I spoke on the book of Micah this past week, filling in for the Pastor who was away giving a message at summer camp at Lake Okoboji in Iowa.


I have only read two pages of the Annie Dillard book I took off the bookshelf. But I figured this would happen. And I’m totally ok with it. 

A weird coincidence. But such is life.

Out of control


The cooler temperatures have stuck around well into the fifth month of this year. Winter stretched on for what seemed much too long, and the cooler temperatures of early spring seem to be overstaying their welcome.


Most mornings this season I have woken up to gray and dreary days. And for whatever reason that dramatically impacts my mood. Even though I am aware of this, I am unable to change it. And that seems makes it worse.

On the flip side, days where I wake up to ribbons of sunlight dancing on my bedroom wall I am simply a better person. My patience is much higher. My energy levels are high. And I’m motivated to make healthy decisions.

How can something like sunlight or the lack of sunlight impact me so much?


It’s frustrating that elements like weather can affect me so much. My mental health is very important to me. And so I need exercises to help me remain healthy on the gray days as well.

Interestingly enough, physically exercising does help my mental health quite significantly. The catch 22 there is that I have to have the mental fortitude to see past my current mood and remember how I feel after working out. When I choose to do that in the morning, it impacts the rest of my day positively. I just have to convince myself to do it.


Reading. Journaling. Writing. Listening to podcasts. Keeping my apartment clean. These things definitely help me, too.


I do very much love sunny days with dramatic light and shadows all around. A cool breeze. But I can’t put so much weight in letting those days impact my mood, either. I set myself up for failure when I do that.

I live in the midwest after all.


Recently my wife was on a walk and talking with one of the newest girls in our home. (We have nine teenagers that now live with us.) The sun was shining, there was a nice light breeze, and there are flowers all around.

My wife made a comment like, “Doesn’t this weather just make you so happy! It’s so beautiful! The smell of the flowers, the warmth of the sunlight, the cool breeze.”

The girl replied, “Not really.”

Kind of shocked, my wife asked, “What weather do you like?”

“I don’t like weather.”


Depression is a daily struggle for many people. When the world seems to lose its colors, people tend to stay in the shadows. We all want to experience the highs of life. Many of us attempt to escape the lows of life through drugs or alcohol.

And yes, you will experience a high that way. It just doesn’t last very long, and the crash back down to the bottom is a hard one.

We want to think that life is made up of mostly highs, but it’s not. But the thing is, life isn’t made up of mostly lows either. Life is mostly in the middle. It’s often…blah. Monotonous. The same stuff every day.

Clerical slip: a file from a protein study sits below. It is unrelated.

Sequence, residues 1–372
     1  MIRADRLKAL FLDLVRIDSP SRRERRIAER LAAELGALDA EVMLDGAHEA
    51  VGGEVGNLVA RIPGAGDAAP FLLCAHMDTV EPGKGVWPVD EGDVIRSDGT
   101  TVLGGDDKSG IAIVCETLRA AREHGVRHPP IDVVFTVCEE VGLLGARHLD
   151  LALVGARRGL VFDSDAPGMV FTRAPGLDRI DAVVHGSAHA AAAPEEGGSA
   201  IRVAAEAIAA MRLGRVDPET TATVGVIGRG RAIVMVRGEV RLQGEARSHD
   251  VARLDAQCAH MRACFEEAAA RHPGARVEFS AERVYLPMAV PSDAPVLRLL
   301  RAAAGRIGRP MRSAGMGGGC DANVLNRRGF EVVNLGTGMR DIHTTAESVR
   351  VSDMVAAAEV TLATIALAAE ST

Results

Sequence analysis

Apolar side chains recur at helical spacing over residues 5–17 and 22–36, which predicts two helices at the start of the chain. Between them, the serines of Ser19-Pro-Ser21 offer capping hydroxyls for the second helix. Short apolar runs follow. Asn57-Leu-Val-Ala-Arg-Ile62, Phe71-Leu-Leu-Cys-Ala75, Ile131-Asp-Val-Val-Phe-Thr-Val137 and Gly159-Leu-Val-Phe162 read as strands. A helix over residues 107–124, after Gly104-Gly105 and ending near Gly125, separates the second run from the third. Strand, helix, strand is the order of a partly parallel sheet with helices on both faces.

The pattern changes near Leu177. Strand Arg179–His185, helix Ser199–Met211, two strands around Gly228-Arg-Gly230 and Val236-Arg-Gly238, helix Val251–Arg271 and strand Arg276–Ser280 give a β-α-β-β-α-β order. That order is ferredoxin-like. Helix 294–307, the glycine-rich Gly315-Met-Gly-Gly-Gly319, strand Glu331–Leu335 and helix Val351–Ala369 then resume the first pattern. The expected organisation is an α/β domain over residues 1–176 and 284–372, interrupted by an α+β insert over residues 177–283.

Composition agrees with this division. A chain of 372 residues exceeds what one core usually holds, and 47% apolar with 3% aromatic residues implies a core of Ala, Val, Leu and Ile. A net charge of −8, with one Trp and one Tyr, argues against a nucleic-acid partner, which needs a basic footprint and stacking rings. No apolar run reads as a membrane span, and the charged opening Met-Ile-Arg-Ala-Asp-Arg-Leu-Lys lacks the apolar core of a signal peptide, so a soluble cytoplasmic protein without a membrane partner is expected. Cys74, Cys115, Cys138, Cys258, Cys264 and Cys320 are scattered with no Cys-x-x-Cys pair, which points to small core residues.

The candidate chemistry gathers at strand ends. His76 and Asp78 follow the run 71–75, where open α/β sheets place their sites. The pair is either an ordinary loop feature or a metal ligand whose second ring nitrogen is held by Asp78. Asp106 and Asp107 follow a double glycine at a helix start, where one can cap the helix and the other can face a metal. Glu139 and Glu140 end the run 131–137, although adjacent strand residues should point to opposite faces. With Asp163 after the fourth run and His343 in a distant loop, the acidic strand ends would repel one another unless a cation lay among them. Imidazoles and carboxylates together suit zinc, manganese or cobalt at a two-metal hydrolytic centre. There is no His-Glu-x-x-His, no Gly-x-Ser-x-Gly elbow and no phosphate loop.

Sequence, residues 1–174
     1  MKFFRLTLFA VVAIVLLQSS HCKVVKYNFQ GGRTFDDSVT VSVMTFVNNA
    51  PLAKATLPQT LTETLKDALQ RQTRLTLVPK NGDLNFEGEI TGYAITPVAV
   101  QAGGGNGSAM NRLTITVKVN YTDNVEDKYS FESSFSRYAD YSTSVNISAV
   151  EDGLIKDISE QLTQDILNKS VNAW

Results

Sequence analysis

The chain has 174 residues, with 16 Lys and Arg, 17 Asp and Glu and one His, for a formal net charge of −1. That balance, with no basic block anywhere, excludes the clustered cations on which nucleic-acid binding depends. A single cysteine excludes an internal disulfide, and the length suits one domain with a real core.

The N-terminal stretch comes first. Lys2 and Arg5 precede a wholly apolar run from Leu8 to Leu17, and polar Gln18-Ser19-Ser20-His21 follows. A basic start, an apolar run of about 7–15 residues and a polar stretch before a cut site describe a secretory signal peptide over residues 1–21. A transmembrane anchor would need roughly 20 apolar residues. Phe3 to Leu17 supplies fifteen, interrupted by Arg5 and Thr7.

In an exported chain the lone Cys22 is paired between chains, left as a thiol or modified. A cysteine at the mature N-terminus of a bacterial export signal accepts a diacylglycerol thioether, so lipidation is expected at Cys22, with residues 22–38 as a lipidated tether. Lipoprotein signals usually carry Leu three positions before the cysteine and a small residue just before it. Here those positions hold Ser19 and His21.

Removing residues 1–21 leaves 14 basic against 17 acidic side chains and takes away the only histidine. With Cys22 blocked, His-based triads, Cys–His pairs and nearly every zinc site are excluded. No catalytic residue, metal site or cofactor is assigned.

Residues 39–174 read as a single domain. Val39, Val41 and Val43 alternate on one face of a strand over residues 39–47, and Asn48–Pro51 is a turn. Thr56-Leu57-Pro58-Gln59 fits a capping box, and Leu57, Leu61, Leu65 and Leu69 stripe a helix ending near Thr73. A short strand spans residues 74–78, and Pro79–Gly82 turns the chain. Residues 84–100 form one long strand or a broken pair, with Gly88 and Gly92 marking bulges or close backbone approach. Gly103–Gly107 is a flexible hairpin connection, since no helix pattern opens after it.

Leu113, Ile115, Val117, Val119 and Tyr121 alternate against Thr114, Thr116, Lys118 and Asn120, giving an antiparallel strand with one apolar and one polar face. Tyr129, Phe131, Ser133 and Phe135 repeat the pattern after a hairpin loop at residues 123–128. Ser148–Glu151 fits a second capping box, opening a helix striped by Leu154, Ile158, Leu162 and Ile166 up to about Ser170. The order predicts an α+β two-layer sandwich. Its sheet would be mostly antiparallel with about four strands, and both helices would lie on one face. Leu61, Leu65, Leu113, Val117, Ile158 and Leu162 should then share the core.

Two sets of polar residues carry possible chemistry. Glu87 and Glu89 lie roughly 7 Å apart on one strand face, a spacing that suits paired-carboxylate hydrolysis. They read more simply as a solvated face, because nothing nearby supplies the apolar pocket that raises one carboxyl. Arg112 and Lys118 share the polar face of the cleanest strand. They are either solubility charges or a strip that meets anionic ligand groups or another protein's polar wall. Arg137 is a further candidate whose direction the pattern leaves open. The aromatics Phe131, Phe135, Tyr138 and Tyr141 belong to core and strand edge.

Some of us struggle to live in that middle area. The in-between. We’d rather experience lows or highs than have to live in that middle area every day. But for those of us who find ourselves in that category, much of life is learning how to find rituals and routines that we actually like. Structure that creates environments that we are more likely to notice the little details of life that have meaning if we simply pay attention.

There is a bigger narrative going on behind the everyday routines of our lives. When we start to notice that bigger narrative, I find that our brain starts to be ok with the in-between. Because at first we think the devil is in the details, but with closer inspection we realize that’s where God resides and carries out his daily business.

thoughts after // after thoughts


Last Thursday my Grandma died at 99.
Then one of my heroes, Rachel Held Evans, died on Saturday at 37.

These two occurrences have kept me in a reflective mood.


When I’m in a reflective mood like this I feel a deep itch inside me that seems to only be reached through writing. I’m not really sure why that is, but I’m glad to be able to do it.

The thing is, I just have lots of random thoughts, impressions, that kind of bounce around in my head. I’m not really sure if any of them are connected or even coherent when put to words.


I am constantly thinking about the layers of history we are a part of at all times. The physical places I inhabit on a daily basis have been inhabited by generations before me in all sorts of ways.

We had the funeral for my grandma at the church she was a lifelong member at. It’s where my dad’s family grew up going to church. We had a little lunch reception after the funeral in the basement kitchen and cafeteria area. The same one that my dad and his siblings hung out in as kids. Same walls. Same floor. Probably the same photos hanging on the wall. And here we all were, almost the entire family sitting together. New generations coming to celebrate the life of and mourn the death of my grandma.